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Math Help - Poisson Problem

  1. #1
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    Poisson Problem

    If the number of accidents occuring in an industrial plant during aa day is given by a Poisson random variable with parameter 3.
    Find
    i) probability that no accident occurs on a day
    ii)the expected number of accidents per day.
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  2. #2
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    Quote Originally Posted by zorro View Post
    If the number of accidents occuring in an industrial plant during aa day is given by a Poisson random variable with parameter 3.
    Find
    i) probability that no accident occurs on a day
    ii)the expected number of accidents per day.
    These questions are totally trivial and suggest a complete lack of effort on your part in trying to understand this material. Go to your class notes and/or textbook and read the section on the Poisson distribution.
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  3. #3
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    Then is this right

    probability of an accident happening in a day is
    <br />
p(x;\lambda) \ = \ \frac{\lambda^x \ e^{- \lambda}}{x!} \ = \ \frac{3^x \ e^{-3}}{x!} = \frac{3^x \ 0.050}{x!}<br />


    probability of accident happening is
    <br />
\left ( 1 - \frac{3^x \ 0.050}{x!} \right)<br />

    Expected no. of accidents per day is
    <br />
E(X) = \sum x . p(x;\lambda) = \sum x \ . \ \frac{3^x \ . \ 0.050}{x!}<br />
    Last edited by mr fantastic; January 7th 2009 at 11:49 PM.
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  4. #4
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    Quote Originally Posted by zorro View Post
    probability of an accident happening in a day is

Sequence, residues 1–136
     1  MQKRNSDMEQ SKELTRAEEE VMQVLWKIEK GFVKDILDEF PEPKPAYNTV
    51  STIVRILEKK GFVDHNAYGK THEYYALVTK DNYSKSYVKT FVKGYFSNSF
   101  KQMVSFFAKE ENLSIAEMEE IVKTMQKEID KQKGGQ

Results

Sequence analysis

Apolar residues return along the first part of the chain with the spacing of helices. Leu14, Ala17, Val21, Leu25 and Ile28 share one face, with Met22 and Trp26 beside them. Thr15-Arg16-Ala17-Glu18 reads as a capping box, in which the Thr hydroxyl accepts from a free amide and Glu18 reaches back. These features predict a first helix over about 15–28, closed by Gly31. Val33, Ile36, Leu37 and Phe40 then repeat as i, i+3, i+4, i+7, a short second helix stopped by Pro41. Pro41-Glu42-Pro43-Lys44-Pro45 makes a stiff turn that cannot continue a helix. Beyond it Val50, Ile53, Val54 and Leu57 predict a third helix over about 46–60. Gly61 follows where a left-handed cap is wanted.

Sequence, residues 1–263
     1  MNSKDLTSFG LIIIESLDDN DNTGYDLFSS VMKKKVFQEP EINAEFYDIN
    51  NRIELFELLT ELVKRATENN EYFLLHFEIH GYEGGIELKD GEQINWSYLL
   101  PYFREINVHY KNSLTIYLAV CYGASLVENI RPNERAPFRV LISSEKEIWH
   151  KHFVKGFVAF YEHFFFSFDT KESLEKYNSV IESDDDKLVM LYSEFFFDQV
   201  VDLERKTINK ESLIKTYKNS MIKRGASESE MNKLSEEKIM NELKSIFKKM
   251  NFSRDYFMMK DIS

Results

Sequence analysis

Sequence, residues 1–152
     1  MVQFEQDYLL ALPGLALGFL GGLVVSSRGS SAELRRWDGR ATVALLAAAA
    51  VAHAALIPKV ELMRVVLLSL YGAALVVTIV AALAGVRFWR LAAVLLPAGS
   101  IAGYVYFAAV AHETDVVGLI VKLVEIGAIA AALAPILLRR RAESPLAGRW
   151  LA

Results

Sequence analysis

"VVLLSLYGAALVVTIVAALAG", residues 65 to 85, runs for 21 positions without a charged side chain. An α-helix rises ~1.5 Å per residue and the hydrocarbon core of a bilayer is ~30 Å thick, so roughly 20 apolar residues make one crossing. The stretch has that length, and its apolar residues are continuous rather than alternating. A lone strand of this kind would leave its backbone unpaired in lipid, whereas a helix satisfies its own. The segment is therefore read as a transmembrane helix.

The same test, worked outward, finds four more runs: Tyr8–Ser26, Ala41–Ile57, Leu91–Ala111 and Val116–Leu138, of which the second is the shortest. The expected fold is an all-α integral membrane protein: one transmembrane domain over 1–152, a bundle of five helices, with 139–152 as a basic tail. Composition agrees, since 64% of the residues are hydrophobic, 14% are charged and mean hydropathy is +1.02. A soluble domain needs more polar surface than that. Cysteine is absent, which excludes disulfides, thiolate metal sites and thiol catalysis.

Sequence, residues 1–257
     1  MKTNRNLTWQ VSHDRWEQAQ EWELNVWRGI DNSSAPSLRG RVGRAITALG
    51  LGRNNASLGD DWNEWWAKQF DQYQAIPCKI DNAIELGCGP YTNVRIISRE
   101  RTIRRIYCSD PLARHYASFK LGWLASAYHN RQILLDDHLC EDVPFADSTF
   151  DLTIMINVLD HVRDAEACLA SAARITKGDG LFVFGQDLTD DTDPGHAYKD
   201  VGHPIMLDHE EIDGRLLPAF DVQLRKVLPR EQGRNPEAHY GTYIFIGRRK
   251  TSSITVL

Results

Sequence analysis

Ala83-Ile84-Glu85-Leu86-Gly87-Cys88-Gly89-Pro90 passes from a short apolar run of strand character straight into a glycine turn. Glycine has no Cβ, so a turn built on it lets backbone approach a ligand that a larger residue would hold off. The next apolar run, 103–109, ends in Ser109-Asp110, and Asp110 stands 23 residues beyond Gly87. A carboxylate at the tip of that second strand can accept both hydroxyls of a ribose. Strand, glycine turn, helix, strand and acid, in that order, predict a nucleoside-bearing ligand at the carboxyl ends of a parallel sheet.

<br />
p(x;\lambda) \ = \ \frac{\lambda^x \ e^{- \lambda}}{x!} \ = \ \frac{3^x \ e^{-3}}{x!} = \frac{3^x \ 0.050}{x!}<br />


    probability of accident happening is
    <br />
\left ( 1 - \frac{3^x \ 0.050}{x!} \right)<br />

    Expected no. of accidents per day is
    <br />
E(X) = \sum x . p(x;\lambda) = \sum x \ . \ \frac{3^x \ . \ 0.050}{x!}<br />
    \Pr(\text{accident}) = 1 - \Pr(\text{no accident}) = 1 - \Pr(X = 0) = 1 - e^{-3} = \, ....

    E(X) = \lambda = 3.

    You need to thoroughly review this topic - the questions, especially the second question, are extremely straightforward.
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  5. #5
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    hw did u get E[x]

    Quote Originally Posted by mr fantastic View Post
    \Pr(\text{accident}) = 1 - \Pr(\text{no accident}) = 1 - \Pr(X = 0) = 1 - e^{-3} = \, ....

    E(X) = \lambda = 3.

    You need to thoroughly review this topic - the questions, especially the second question, are extremely straightforward.


    Isnt

    E[x] \ =\ \sum x .\ [1-p(x;\lambda)]= \ 0 \ . \ [1-p(x;\lambda) ]=0
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  6. #6
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    Quote Originally Posted by zorro View Post
    Isnt

    E[x] \ =\ \sum x .\ [1-p(x;\lambda)]= \ 0 \ . \ [1-p(x;\lambda) ]=0
    No.

    E[X] = \sum x \cdot p(x; \, \lambda).

    And the result of this calculation (which can be used without proof I would have thought unless the calculation is specifically asked for: http://www.mathhelpforum.com/math-he...tributiom.html) is E[X] = \lambda.
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